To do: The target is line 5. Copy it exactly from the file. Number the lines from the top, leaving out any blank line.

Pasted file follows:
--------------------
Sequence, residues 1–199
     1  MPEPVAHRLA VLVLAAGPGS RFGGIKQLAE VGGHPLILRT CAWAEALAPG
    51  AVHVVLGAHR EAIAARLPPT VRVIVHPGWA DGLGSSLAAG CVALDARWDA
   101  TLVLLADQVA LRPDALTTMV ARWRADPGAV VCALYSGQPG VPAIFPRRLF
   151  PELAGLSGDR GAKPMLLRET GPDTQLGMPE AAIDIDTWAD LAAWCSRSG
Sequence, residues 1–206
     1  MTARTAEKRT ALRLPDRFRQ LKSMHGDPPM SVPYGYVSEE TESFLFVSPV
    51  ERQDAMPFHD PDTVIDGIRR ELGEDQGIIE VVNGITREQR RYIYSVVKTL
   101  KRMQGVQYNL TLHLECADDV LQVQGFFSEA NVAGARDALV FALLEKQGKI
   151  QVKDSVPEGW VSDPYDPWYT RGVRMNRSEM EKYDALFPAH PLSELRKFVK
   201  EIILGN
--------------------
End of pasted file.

   151  PELAGLSGDR GAKPMLLRET GPDTQLGMPE AAIDIDTWAD LAAWCSRSG